Everyone has gotten a cut or a scrape. Usually after a minor injury, you clean the cut, and put a band-aid on it. But if what caused the injury was a rusty nail or get soil or dust in the wound, there’s a chance you could get a tetanus infection.
Tetanus is a bacterial disease that goes after your nervous system. Symptoms of a tetanus infection includes jaw muscle spasms, stiff neck muscles, fever, and rapid heart rate. If left untreated, a tetanus infection can be life threatening to some people. There isn’t a known cure for tetanus and treating the infection is mostly managing how the infection is affecting the patient until it goes away.
When Should You Get the Tetanus Vaccine?
Luckily, there is a vaccine that most people receive when they’re infants and children. The DTaP vaccine immunizes against tetanus, diphtheria, and pertussis. Infants get the vaccination at 2 months, 4 months, 6 months, and 15-18 months. When they’re between ages 4-6.
Vaccines are a common part of a healthcare routine for most people. These immunities keep terrible diseases from spreading and most people going to public schools or universities are required to help keep the student body safe. People trust doctors to safely administer shots when they need them. While it’s common for the injection site to be a little sore for a few days after the person gets the shot, prolonged high levels of pain are not.
Shoulder injury related to vaccine administration or SIRVA is a painful injury when the shot isn’t administered properly. People can experience discomfort and pain in their upper shoulder. The area may also swell and the person may have less motion. In rare circumstances, an improperly administered vaccine may result in a permanent shoulder injury.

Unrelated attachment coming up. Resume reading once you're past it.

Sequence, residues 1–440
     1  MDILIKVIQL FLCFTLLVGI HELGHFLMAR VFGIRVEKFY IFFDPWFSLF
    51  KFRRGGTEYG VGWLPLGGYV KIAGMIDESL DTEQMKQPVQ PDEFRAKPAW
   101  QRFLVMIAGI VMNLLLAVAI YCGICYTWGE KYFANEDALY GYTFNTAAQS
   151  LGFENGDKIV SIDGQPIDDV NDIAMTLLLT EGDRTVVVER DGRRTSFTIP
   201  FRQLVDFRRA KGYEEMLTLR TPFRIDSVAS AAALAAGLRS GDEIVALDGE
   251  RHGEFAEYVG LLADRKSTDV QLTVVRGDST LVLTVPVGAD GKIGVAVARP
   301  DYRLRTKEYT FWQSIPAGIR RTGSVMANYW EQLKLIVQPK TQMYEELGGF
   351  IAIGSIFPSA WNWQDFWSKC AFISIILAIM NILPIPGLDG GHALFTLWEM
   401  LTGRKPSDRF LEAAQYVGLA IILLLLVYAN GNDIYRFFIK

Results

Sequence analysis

If you’ve been injured from a vaccine, you can get help from a Wisconsin vaccine injury lawyer from Urban & Taylor. We’ll fight for your rights and get you the compensation you deserve. Call us today for a free consultation.
In 1998, Andrew Wakefield, a gastroenterologist from England, published a case series where he claimed the Measles, Mumps, and Rubella (MMR) vaccine caused behavioral issues in eight children. While this did not prove a connection between vaccines and autism, Wakefield proclaimed his false findings to the media via a press release – against the opinions of study authors. Since then, Wakefield has been discredited by the scientific community; however, concerns still exist among some parents.
Among those parents, are those apart of adamant groups claiming that vaccines cause autism. These groups call themselves “anti-vaxxers” and spread misinformation all over online forums and social media. It is important to understand the facts surrounding autism and vaccines, so you can protect yourself, your children, and others.
In an age where anyone can pull up a website that verifies their beliefs, it can be difficult to recognize fact from fiction – especially when it comes to hot-button topics like vaccines. While a small percentage of people experience negative side effects from vaccines, anti-vaccine literature perpetuates false information that can confuse parents and educators.
Here you’ll find some of the biggest misconceptions about vaccines:
Routine immunizations make up an expected part of your healthcare. Vaccines boost your immune system and allow you to safely exist in society. You don’t usually expect a vaccine to cause any harm except maybe a slightly sore area from where you got the shot. But in some cases, vaccines also cause harm to the people who receive them. A vaccine injury could potentially make you miss work because you need to recover. This can add a lot of financial stress when you need to focus on your health.